Yes, I’m still bitter. No, I’m not going to post anything nearly as subtle as this, which is probably my ultimate contribution to the genre of In The Shadow of The Towers. I’m going to talk about Milton Friedman. Because it’s the 18th anniversary, so it’s now old enough to vote–or, especially in the pre-26th Amendment world–be drafted.

Let’s be clear: Milton Friedman had one good idea in his life, and that was that his alma mater should not sponsor a football team. Even a broken clock, and the program whose highlights are Ray Rice and Greg Schiano (whose skills included guiding the team to a money-losing Bowl appearance) isn’t exactly something that could justify Superstar Economics Theory.

Milton Friedman, like Gary Becker, was wrong about almost every social policy recommendation he made. While it might be difficult to identify what he was most wrong about, a leading contender is The Elimination of the Draft, which he championed for years and finally shepherded through the Nixon Administration.

After all, people should be Free to Starve Choose, and conscription is certainly not a “choice.” Choice can discriminate; conscription means mandatory attendance or a demonstrable reason to be excused. Friedman’s ghost, twirling at Mach 3 in the Eighth Circle, probably rues that males still must register for Selective Service.

So we have a story published just over two years ago on America’s only remaining news source becoming evermore real. While before people who didn’t want to be subject to two years of training and possibly warfare had to at least come up with a somewhat reasonable excuse (*cough* bone spurs *cough*) or face jail time, the scions of the elite have no “skin in the game.” So the Longest War in U.S. History continues: planned as well as it was executed, executed as well as its objectives were planned. While the planners well know that their sons (and daughters) will not even have to come up with the lies they did to avoid any chance of being killed.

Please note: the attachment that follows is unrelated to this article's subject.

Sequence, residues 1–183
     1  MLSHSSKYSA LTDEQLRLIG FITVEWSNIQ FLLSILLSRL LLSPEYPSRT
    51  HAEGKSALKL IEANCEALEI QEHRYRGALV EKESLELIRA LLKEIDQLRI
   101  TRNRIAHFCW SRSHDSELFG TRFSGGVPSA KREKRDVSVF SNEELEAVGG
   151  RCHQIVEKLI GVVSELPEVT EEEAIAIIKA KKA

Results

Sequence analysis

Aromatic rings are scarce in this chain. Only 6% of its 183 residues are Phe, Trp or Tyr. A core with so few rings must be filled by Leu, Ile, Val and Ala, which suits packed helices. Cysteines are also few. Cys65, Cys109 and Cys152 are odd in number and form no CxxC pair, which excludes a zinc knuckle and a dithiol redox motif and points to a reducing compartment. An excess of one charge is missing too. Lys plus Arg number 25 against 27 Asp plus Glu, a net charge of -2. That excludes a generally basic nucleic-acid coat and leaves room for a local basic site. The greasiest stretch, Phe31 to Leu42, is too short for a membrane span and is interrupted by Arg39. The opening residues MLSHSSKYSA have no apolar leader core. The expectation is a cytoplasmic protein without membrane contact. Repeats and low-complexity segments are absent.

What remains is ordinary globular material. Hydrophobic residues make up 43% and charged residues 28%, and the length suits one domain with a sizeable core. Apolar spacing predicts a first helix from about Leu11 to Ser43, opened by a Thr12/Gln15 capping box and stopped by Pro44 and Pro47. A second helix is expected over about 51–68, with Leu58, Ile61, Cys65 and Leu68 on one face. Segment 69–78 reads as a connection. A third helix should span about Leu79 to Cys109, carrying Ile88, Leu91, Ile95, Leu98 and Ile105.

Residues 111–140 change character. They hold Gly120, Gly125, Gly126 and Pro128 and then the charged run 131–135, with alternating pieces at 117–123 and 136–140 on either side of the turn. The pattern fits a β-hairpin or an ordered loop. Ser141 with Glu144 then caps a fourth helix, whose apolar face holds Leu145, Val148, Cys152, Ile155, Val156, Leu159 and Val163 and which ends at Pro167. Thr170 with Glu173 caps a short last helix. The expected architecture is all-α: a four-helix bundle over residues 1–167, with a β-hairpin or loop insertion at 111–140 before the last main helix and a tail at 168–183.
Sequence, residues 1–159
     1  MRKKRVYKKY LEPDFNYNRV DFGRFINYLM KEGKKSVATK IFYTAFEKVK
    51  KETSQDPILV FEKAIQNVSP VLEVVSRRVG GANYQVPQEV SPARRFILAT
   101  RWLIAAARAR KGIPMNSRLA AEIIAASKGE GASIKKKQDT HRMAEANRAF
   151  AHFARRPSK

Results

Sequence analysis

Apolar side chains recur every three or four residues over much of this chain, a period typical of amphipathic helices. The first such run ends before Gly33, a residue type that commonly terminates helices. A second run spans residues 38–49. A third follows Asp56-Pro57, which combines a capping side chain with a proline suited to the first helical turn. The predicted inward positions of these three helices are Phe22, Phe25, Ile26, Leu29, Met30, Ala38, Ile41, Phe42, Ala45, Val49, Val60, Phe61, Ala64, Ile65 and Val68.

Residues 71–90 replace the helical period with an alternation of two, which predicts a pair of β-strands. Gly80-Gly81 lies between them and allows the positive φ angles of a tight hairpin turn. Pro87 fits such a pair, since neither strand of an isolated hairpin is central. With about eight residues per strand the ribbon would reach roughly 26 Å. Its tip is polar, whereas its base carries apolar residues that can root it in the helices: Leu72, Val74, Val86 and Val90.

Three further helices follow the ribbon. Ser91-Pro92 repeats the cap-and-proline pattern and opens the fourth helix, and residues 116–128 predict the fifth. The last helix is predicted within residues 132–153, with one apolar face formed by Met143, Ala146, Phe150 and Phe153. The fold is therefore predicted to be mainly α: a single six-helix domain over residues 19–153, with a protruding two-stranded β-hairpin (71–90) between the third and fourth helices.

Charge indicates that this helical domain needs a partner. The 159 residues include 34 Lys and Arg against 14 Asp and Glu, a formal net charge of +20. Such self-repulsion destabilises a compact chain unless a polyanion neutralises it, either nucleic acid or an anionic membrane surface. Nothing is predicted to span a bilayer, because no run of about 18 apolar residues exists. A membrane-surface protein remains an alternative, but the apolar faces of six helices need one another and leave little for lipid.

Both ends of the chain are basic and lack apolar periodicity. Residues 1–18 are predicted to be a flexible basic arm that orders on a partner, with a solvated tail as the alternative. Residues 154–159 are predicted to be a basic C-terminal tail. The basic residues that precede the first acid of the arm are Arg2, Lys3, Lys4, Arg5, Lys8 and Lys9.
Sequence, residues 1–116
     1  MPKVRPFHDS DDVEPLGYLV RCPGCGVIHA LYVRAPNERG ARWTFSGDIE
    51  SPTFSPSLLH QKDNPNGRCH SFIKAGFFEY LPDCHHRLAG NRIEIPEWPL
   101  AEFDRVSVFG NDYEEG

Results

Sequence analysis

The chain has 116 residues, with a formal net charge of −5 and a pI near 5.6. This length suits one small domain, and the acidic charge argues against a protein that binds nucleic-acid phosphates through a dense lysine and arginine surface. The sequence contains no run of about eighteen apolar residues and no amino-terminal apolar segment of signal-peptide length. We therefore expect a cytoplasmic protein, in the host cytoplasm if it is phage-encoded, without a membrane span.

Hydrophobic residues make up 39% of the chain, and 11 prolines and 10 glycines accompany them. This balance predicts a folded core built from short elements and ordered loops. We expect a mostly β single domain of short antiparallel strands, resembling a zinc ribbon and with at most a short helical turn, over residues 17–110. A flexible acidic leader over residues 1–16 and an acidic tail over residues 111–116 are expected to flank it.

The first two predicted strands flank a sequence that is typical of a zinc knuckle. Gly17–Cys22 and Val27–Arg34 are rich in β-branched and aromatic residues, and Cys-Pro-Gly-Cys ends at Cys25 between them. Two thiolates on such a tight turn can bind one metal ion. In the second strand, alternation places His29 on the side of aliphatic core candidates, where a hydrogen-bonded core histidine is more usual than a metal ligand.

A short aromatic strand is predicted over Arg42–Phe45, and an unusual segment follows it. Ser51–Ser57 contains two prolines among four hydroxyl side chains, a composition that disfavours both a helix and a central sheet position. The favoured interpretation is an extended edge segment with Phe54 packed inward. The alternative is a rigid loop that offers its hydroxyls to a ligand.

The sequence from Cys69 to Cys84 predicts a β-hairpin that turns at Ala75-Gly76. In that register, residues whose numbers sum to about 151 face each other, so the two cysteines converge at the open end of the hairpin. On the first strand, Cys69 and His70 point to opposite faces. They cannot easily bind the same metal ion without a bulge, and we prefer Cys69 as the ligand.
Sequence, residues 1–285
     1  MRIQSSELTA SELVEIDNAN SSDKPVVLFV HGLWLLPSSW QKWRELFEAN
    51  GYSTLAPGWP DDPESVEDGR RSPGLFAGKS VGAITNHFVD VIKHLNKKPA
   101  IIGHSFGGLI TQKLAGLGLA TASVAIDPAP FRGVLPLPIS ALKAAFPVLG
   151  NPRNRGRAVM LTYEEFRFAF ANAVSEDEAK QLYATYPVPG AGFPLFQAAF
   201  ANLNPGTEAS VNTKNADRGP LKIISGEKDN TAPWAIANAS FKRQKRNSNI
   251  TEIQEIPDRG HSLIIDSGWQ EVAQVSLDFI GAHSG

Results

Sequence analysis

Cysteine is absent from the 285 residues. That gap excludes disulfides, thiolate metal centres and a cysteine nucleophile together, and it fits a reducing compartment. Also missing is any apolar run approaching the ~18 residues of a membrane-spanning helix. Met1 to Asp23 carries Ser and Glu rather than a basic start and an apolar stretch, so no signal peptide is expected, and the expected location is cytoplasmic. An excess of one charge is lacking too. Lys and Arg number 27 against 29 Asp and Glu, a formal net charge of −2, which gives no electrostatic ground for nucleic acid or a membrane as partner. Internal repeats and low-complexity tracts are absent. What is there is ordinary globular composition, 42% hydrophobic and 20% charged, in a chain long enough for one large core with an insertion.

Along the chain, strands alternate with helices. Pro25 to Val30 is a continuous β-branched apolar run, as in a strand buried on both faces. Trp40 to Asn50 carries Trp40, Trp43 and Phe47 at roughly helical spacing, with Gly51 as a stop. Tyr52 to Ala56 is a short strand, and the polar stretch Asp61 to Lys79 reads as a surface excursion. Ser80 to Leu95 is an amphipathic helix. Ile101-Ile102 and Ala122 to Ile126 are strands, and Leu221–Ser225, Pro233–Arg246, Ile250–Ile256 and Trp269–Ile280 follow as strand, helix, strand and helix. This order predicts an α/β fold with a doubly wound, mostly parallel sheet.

Because Milton Friedman said that would not be Freedom. And people believed him, because “freedom” means you don’t have to “have skin in the game” (literally, in this case) if you don’t want to, even if your actions caused the problem.

I suspect Rudy Giuliani approves.

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Projection is an Art, not a Science, especially for the SSA

The scary headlines of the past few days have been well-discussed below by Dale Coberly and Barkley Rosser.

Data, however, is only as good as its assumptions, and the overall trend is well worth a glance. (Note: I took the 2013-2017 data from BC professor (and director of their Center for Retirement Research) Alicia H. Munnell’s Table 1 here.

Year of Trustees Report: 2013 2014 2015 2016 2017 2018 2019
First year outgo exceeded income excluding interest 2010 2010 2010 2010 2010 2010 2010
First year outgo projected to exceed income including interest 2021 2020 2020 2020 2021 2018 2020
Year trust fund assets are projected to be exhausted 2033 2033 2034 2034 2034 2034 2035

 

Note that last year’s projection that 2018 would have a funding shortfall turned out to be so incorrect that this year’s report didn’t even pretend there would be excessive demand until next year.* Also note that, despite a relatively anemic recovery in the labor force, the projection “we’re out of funds” date keeps getting extended, though not so much as it did pre-Tepid Depression years.

More coming up. As usual, the report is only so good as its data assumptions and there are some interesting assumptions made.

*Part of this, as Henry Aaron noted Tuesday, is that the Disability portion of SSDI has declined precipitously from projections.